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Nomination committee members

  • Dr John McAdam (chair)
  • Dr Catherine Bell
  • Stephen Carter
  • Mark Clare
  • Brian May
  • Sara Weller
P58 Mcadam

Dr John McAdam
Chair of the nomination
committee

Quick facts

  • The Code requires that a 'majority of members of the nomination committee should be independent non-executive directors'
  • The role of the committee is to make recommendations to the board on its composition, balance and membership and on refreshing the membership of the board committees
  • The company secretary attends all meetings of the committee
  • The business services director, who has responsibility for human resources, regularly attends meetings and is responsible for engaging with executive search recruitment advisors
  • The CEO is not a member of the committee, but from time to time is invited to attend. Neither the Chairman nor the CEO would participate in the recruitment of their own successor

Quick links

Terms of reference – corporate.unitedutilities.com/corporate-governance

Dear shareholder,

We have, for the fourth successive year, undertaken the recruitment of a new non-executive director, which culminated in the appointment of Stephen Carter to the board on 1 September 2014.

We feel as we move forward into a new regulatory period that our directors have an excellent mix of skills and experience for leading the company into the new five-year period. The combination of relatively new directors, coupled with those that have served for a number of years, provides us with the benefit of new ideas, whilst not losing sight of what has gone in the past. We have maintained a 25 per cent gender diversity ratio, and the board gender diversity policy is taken into account during every candidate selection process. Ultimately, we strive to appoint the person we believe is best matched to the role in terms of what they have to offer the company and to make a positive contribution to the board conversation and board dynamics.

With the retirement of Nick Salmon, Mark Clare took over the role of senior independent director. When Stephen Carter joined the board he replaced Mark Clare as a member of the audit committee and Mark joined the remuneration committee.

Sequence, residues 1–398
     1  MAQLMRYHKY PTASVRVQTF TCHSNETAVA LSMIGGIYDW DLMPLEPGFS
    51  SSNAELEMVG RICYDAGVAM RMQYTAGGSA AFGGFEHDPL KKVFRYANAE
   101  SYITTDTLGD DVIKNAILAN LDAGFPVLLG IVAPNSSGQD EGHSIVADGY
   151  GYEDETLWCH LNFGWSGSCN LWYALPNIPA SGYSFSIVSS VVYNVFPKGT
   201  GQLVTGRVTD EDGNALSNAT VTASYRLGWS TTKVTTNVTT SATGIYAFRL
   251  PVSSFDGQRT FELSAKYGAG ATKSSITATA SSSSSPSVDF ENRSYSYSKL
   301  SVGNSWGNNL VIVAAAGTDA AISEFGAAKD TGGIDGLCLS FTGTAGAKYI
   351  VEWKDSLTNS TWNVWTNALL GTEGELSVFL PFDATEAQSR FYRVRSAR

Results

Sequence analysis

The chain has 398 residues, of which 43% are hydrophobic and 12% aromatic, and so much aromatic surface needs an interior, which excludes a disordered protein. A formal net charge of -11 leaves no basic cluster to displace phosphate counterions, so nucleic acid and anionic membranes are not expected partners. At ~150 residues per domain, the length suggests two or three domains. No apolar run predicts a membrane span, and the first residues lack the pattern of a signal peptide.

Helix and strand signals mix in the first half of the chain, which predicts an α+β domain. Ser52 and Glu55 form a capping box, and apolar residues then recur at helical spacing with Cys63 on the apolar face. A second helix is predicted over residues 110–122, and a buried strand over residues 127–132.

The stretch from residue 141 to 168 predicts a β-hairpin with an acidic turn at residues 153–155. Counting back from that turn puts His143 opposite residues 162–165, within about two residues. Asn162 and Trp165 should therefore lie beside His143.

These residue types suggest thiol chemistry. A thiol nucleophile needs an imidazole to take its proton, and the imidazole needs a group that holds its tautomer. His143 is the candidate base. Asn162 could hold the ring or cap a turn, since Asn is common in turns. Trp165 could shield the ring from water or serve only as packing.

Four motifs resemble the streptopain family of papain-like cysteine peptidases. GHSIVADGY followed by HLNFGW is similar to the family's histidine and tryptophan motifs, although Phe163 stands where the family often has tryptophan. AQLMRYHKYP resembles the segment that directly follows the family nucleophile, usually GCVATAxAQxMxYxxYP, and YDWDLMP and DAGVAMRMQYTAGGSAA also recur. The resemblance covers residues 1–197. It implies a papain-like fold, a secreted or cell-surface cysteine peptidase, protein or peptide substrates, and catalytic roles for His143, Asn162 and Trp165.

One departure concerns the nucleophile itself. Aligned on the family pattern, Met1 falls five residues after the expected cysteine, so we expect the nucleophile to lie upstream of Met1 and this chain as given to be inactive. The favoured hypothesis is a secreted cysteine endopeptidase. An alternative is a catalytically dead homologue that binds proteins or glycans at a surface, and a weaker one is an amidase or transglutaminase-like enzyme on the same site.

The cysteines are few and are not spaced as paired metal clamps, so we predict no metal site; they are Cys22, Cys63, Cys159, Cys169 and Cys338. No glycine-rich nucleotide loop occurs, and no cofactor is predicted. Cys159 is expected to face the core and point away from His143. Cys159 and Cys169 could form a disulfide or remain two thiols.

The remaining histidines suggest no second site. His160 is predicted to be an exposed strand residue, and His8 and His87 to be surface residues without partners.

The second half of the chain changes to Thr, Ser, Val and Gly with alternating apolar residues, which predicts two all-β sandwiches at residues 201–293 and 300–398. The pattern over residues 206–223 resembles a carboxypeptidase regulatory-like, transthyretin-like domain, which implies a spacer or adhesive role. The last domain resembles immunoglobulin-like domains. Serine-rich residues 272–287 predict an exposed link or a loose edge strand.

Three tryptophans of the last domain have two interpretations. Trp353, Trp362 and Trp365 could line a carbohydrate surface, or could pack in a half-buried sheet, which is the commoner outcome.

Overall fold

Dr John McAdam
Chair of the nomination committee

We have maintained a 25 per cent gender diversity ratio and the board gender diversity policy is taken into account during every candidate selection process

Main responsibilities of the committee

  • Lead the process for board appointments and make recommendations to the board, including the company secretary
  • Consider the succession planning of directors and members of the executive team
  • Make recommendations to the board on refreshing the membership of the board's principal committees
  • Review directors' conflict authorisations
  • Consider the request from executive directors for election to the board of other companies and make a recommendation to the board
  • Consider requests from non-executive directors for the election to the boards of other companies; this role has been delegated to the Chairman (other than in respect of his own position)

What has been on the committee's agenda during the year

1. Board succession

The committee:

  • considered the succession requirements of the board;
  • appointed executive search consultants Russell Reynolds Associates (Russell Reynolds) to begin the process of the recruitment of a non-executive director and provided a brief to Russell Reynolds setting out the attributes of a preferred candidate;
  • considered and reviewed the long list of candidates and identified those to be shortlisted for interview initially with the Chairman, CEO and the business services director. A number of candidates were then invited to meet with the other non-executive directors and the CFO; and
  • discussed the candidates and the 'best fit' with the skills matrix (as shown below); took into account the board diversity policy and the specification provided to the executive search consultants; and duly made a recommendation to the board to appoint Stephen Carter as the successful candidate. Stephen brings to the board table a strong career in government and regulation, having held a number of public sector roles including serving a term as the founding chief executive of Ofcom. He is currently group chief executive at Informa plc, a FTSE 250 listed company.

Russell Reynolds is a signatory to the voluntary code of conduct on gender diversity for executive search firms; it has no other connection with the group other than being used on previous occasions for executive search purposes.

Skills matrix of board directors

Finance/
accounting
UtilitiesRegulationGovernment and
civil service
Construction/
engineering/
industrial
Customer
facing
FTSE
companies
John McAdam
Steve Mogford
Russ Houlden
Catherine Bell
Stephen Carter
Mark Clare
Brian May
Sara Weller

2. Refreshing the membership of the principal committees

Nick Salmon's departure from the board left a vacancy on each of the board's principal committees.